After first arriving in Iceland, you might feel the traveler’s well-known, knee-jerk reaction to head to the nearest museum, art gallery, or historical landmark to get yourself deeply acquainted. With over 20 museums in the capital alone, you’ll find no shortage of pleasing cultural tributes, ranging from art and music to Vikings and archeology and including quirky exhibits that perfectly capture the island’s unique sense of humor.
Should history fall short in providing you with a sense of wonder, just step outside and look around– Iceland is touted as one of the most beautiful countries on Earth for its dangerously elegant ice caves, its lush canvas of vibrant natural colors, and its impossibly green fjords. Even in the depths of a frigid winter, Iceland glistens like pristine glass under the aurora borealis.
The real majesty of this almost otherworldly place, however, is the local atmosphere. How do Icelanders live their lives from day to day? What makes this natural wonderland a place to call “home” for over 300,000 people? Authenticity is more often found in the streets, among the sights, sounds, and locals that bring Iceland to vivid life.
How to Eat like a Local
The country’s largest city and capital, Reykjavik, provides a vast mural of activities for anyone to enjoy. Described as “compact,” this colorful swatch of Iceland is not just a haven for tourists, but an active local hangout that provides entertainment of all types. Most notably, however, is the large range of excellent quality cafés and restaurants in this area, some tucked away and hidden from plain sight.
One such eatery, the Laundromat Café, combines both excellent food and a busy environment, as well as featuring an actual laundromat in the lower section of the building. Their menu is as colorful as their venue, boasting delicious meals like Pulled Duck Burger, described as, “duck legs confit on brioche bun, mixed salad, dijonnaise, pickled red onions, and Cheddar cheese,” and a wholesome “clean vegetarian brunch” for its non-meat eating patrons (loaded with vegetables, hummus, and gourmet cheese, and served with seasonal fruits). The unique combination of laundry, Internet, and comfort food draws in a varied crowd and the café proudly invites its guests to let their little ones enjoy the playroom while their parents enjoy a fine meal.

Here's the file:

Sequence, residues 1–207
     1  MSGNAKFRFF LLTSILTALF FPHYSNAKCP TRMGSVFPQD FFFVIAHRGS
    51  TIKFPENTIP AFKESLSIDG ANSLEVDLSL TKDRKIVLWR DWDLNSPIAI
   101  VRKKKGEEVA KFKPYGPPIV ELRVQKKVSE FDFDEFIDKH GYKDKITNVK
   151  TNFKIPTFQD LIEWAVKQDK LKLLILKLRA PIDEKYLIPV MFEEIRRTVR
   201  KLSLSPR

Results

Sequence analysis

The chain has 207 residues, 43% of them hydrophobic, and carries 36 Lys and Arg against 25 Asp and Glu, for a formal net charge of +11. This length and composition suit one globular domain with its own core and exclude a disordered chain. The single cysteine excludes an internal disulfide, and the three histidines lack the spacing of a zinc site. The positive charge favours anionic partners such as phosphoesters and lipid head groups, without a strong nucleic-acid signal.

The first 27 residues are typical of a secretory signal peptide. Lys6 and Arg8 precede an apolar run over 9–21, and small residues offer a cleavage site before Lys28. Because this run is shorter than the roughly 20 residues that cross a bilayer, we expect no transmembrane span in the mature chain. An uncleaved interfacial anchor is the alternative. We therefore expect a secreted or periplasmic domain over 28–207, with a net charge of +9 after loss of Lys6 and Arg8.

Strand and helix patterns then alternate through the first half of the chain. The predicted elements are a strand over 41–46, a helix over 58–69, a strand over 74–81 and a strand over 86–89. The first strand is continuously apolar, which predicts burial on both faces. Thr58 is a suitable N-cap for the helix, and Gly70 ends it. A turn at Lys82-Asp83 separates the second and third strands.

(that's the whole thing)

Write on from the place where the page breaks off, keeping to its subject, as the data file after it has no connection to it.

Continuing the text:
Gelato and ice cream are, unquestionably, an Icelander’s favorite desserts, and the locals are proud of it. Some favorite parlors include Eldur and Is, a coffee and ice cream shop located on Skólavörðustígur that serves 4.8-star rated crepes, ice cream (with specialty flavors like sweet custard, banana, and apple) and a locally famous Toblerone hot chocolate. A short distance away on Laugavegur is Bada Bing, selling a wide variety of frozen treats that include unique flavors, like licorice and Daim (a popular Swedish candy bar made into a delectable ice cream).
Finally, with reviews that mark it as, “the best ice cream in Reykjavik,” Paradis Ice Cream on Njálsgata takes the “scoop,” so to speak, for the number one ice cream parlor to visit in the city. Their menu offers well over 100 different gourmet flavors of ice cream, each created from scratch, making a simple trip for dessert into a gastrointestinal adventure. Some of the most tantalizing flavors include Blood Orange Sorbet, Forest Berry Cheesecake, and Piedmont Roasted Hazelnut, all handcrafted with fresh, organic ingredients that day. Best of all, their online menu offers detailed information about each flavor and its nutritional content, ingredients, and a delectable description of the taste.